Thursday, August 11, 2005


Photography school

My digital photography leaves much to be desired, but I did come up with an excellent, low-cost idea for learning about photography. I got my talented photographer friends together for a "photo walk" on which we all snapped away with our digital cameras and then compared our results. Since we snapped many of the same subjects, I could really start to learn something about composition by the comparisons. Look at these pics of Mickey's Tavern:

DSCN4053 by Oscar

31576619_f211e04b7b by Blogger Friend #1

31678846_d92fe88db3 by Blogger Friend #2

Notice how all three of us were standing in about the same spot. My photo is very blah -- I'm just recording the fact that Mickey's Tavern is there. Both Friends 1 and 2 saw that the car parked around back had to be an important element of the composition. And the street sign -- to me, it was just in the way. Friends 1 and 2 seemed to understand some "if you can't beat 'em, join 'em" principle: that if an obstruction is an immovable part of the scene, it's better to feature it than pretend it's not there. #2 followed the same principle with the power pole and wires, while #1 framed those out of the photo. I tried (unsuccessfully) to ignore them.

There are maybe five elements that make this photo worth taking: the brickwork of the building; the Queen Anne style turret/doorway; the painted "tavern" sign; the beer sign; and the car. #2 captures all five, #1 captures four (trading away the turret to get rid of the power pole), whereas I really only get the brickwork and the turret, failing really to pick up the other three elements. They're there, but my composition doesn't draw attention to them.

Enough amateur photo criticism. The great fun here is the way that carrying around your digital camera makes you start to look at ordinary things around you in a more intense way. Two days after my photo "seminar,"I tried another photo walk. Here are some results:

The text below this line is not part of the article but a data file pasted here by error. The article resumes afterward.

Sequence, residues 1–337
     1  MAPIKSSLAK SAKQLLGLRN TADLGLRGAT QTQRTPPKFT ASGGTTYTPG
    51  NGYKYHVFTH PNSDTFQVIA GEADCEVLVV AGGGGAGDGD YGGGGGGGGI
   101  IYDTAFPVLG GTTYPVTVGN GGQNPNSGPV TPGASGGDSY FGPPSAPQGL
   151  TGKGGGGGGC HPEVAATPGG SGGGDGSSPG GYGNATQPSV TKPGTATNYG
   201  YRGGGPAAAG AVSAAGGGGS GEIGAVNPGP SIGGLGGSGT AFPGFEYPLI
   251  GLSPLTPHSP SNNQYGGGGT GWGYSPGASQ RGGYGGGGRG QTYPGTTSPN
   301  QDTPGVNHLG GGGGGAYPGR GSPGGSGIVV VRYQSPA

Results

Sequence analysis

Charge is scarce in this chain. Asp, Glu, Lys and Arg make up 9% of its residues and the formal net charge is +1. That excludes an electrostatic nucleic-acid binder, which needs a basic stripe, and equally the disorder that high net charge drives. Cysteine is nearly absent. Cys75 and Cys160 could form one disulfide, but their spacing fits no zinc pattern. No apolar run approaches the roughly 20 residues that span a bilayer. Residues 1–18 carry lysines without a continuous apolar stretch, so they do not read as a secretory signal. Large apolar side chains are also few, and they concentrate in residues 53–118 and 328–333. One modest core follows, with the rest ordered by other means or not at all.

Locked links
Playground security.

Welcome sign
Welcome to the bird cemetary.

Pastel clapboard.

bus stop
Bus stop.

Blogger Friend #2 did a really good job!
I kind of like the photo by Blogger Friend #1, but I may be biased.
Oscar is unduly modest. While the second two photos focused on content, his photo is the best example of pure geometry of composition. Note the off-centered positioning of the turret and the loooong sidewalk to the left. This is an excellent example of good composition. Centering things perfectly or keeping things very symmetrical makes a picture static and takes away all the tension that draws one into a picture. As to better and worse forms of asymmetry, take a look at the Fibonacci series (reflected in pine cones) to see the golden ratios.

So Oscar, while you may have a problem with overly emotional resentment of interfering street sign and a blind eye to the iconic value of automobiles, you do have an excellent instinct for the hidden mathematics within the aesthetics of art.
I'd agree with Warren, your picture has its own goal if you will. I like the way it shows more of the building, lets you see the two rows of windows, the window AC unit. Friend #1 is almost looking at the back door, which you cannot see from your vantage point, and misses the front door completely. Friend #2 zooms in a little, but must have snapped when a passing cloud came by and got a much darker picture.
(surfed in from Althouse's house)
Hi, Karl: You don't seem to know much about computers!
I really like your playground security picture. I really enjoy that "look[ing] at ordinary things around you in a more intense way" because you're carrying a digital camera. That never quite happened for me with my 35mm camera--I guess on some level I didn't want to "waste" film by snapping random photos. But the digital allows you to just snap it and therefore encourages a more radical kind of visioning of the world around you.
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